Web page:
In the same week that Mayor Brandon Johnson announced the city of Chicago faces a $538 million budget gap over the next three years and that he doesn’t plan to increase property taxes to close it, the new administration floated the idea of a city-owned grocery store in neighborhoods that lack access to fresh foods.
The plan, popular among progressives, assumes that the city can succeed where private sector specialist retailers have set up shop and failed. The rhetoric in the announcement goes further than that: It implies that grocery chains are run by those who don’t want to succeed in the neighborhoods that need them the most. This is nonsense.
Still, Exhibit A in this theory is the Whole Foods store in Englewood, which closed its doors in November.
The store opened in 2016 to much media fanfare and a “bread-breaking ceremony” in the parking lot attended by then-Mayor Rahm Emanuel, store officials and community members. It came with a stated determination to feature such yummy local products as Jimmy’s Vegan Cookies and Justice of the Pies and a roughly $11 million tax increment financing subsidy from the city that was used to prepare the Englewood Square site before it was sold to a private developer.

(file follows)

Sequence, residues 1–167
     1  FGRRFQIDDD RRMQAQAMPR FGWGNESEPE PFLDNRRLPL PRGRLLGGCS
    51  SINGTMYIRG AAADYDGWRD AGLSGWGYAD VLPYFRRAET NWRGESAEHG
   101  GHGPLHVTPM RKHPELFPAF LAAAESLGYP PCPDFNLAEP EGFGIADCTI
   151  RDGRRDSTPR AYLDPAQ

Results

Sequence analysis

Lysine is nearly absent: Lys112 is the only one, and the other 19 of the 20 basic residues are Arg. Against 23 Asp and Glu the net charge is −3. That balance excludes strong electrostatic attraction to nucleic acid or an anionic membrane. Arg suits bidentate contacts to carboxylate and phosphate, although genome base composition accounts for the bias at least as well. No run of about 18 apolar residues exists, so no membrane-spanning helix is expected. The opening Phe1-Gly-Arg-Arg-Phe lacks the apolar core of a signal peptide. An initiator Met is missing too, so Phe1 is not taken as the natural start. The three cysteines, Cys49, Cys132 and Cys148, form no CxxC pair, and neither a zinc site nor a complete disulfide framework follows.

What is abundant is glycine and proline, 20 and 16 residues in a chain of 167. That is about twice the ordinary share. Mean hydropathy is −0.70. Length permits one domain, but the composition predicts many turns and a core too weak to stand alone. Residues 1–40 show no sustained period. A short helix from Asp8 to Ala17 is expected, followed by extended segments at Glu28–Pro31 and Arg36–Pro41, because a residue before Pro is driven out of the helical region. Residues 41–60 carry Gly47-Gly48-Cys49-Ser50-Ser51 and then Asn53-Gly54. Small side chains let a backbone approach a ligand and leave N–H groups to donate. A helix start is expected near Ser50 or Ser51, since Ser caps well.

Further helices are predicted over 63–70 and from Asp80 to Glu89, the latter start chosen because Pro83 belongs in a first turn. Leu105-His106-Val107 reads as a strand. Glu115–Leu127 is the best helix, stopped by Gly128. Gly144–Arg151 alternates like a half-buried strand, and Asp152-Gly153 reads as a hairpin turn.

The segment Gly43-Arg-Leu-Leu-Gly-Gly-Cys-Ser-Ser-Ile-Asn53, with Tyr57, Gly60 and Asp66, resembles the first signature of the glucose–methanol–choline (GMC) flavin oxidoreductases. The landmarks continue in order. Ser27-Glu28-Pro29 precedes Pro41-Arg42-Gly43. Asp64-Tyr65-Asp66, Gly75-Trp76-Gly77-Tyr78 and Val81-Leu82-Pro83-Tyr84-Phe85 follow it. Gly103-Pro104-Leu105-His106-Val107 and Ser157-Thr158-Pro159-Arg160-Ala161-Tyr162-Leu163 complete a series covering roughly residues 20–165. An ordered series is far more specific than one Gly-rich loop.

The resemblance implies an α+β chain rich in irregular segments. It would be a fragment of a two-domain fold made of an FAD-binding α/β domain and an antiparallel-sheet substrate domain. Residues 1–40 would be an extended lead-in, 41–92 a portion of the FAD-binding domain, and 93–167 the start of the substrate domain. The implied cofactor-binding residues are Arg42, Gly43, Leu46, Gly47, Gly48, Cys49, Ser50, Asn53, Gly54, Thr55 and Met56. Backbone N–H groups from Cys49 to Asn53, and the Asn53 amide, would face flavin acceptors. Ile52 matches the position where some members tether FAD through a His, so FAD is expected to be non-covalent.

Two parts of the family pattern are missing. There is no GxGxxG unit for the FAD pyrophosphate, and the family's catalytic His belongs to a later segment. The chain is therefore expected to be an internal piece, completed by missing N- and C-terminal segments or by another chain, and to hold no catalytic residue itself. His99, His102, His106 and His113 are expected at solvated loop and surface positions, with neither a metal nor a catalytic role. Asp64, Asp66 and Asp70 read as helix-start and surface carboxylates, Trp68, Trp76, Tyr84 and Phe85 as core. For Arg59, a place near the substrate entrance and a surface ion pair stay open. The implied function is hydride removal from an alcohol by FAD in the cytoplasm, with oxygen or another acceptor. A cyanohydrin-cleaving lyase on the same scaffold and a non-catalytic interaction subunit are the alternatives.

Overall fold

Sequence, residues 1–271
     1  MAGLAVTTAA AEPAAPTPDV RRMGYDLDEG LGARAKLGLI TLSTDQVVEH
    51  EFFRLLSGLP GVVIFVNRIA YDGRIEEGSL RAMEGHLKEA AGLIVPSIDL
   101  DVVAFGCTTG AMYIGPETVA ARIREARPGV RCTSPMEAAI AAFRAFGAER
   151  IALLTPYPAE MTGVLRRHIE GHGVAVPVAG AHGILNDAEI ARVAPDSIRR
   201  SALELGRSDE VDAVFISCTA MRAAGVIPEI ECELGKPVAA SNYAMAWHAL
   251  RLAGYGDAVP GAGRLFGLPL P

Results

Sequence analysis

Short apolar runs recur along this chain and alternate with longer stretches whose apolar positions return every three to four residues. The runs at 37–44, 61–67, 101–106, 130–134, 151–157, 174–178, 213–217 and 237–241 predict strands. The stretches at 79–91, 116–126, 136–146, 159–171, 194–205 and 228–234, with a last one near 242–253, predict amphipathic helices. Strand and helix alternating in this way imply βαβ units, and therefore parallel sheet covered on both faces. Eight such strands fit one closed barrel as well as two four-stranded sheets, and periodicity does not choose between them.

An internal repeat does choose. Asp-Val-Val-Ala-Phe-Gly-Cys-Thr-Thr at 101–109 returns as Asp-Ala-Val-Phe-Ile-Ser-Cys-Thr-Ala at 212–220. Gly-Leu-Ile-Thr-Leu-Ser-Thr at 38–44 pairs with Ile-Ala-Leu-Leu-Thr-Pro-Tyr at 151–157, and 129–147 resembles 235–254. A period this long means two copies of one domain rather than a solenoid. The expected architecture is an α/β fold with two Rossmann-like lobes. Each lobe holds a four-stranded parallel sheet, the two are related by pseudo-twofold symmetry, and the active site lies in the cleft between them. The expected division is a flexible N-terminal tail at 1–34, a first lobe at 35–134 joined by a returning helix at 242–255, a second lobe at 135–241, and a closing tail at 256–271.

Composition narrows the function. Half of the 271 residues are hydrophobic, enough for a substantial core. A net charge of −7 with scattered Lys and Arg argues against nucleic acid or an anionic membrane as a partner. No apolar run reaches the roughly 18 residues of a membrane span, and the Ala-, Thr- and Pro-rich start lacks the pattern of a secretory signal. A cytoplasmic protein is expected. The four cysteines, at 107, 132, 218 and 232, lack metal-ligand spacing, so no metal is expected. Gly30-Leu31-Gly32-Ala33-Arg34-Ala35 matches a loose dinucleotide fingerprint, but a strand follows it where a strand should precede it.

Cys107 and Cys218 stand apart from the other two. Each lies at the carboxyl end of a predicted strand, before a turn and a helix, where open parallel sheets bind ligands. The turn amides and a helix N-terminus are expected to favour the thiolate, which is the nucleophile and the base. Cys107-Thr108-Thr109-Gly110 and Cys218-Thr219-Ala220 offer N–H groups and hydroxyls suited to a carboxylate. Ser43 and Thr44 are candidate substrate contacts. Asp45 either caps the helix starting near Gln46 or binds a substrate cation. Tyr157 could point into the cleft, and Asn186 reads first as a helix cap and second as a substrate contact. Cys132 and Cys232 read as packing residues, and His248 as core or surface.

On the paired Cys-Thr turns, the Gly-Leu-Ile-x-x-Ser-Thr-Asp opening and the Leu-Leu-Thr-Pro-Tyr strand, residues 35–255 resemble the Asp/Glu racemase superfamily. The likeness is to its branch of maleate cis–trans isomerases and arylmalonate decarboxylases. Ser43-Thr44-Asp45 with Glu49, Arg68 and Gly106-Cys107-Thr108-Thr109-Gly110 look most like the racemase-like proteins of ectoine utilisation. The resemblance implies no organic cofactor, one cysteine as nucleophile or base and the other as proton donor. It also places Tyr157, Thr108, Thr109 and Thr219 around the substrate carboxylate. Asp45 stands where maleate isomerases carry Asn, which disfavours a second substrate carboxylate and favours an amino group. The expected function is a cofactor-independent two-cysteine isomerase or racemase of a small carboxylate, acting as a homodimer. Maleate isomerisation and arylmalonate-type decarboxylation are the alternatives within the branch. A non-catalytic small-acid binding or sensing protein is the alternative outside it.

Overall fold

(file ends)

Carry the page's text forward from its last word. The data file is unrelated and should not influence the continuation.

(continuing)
Emanuel was so proud of the store, and the deal he had brokered, that he brought London’s mayor, Sadiq Khan, who called it a win-win and something for London to copy. The Whole Foods store was an anchor for Englewood Square at 63rd and Halsted streets: Other tenants hoping to swim in its wake were Nail Works, Chipotle and Starbucks. With roughly 100 employees at its Englewood store, Whole Foods said about 35 lived in Englewood. There was even an employee hired to do community outreach and an in-store meeting room for community groups to use.
By 2022, it was all a bust.
Whole Foods said very little as to why, trying to duck the public relations hit, but grocery trade publications analyzing the debacle homed in on the store’s relatively small size — it was some 18,000 square feet, whereas many Whole Foods stores are about 50,000 square feet or more — and the perception of local residents that it was too small to do a full shop, as well as being expensive and not truly from the community. In actuality, the Tribune reported that Whole Foods had reduced its prices on milk, bread, eggs and some produce and sold them at far lower prices than elsewhere in the city. It wasn’t enough.
What the city should have learned from that disaster was that traditional businesses are in danger of being taken over. In the case of Whole Foods, that took the form of Amazon in 2017. And when the new owners come in, they don’t look at what money has been given to fund the startup costs because those costs already are sunk, nor do they usually care about the ethical habits of the previous management. They are only about the ongoing profitability of the store. Or the lack thereof.
Had Whole Foods been making money, it would have remained. But that was not the case. Amazon was smart enough to try to mask the closure by also nixing a Lincoln Park Whole Foods at DePaul University that was being used only for pandemic-era delivery, but the bottom line was the bottom line.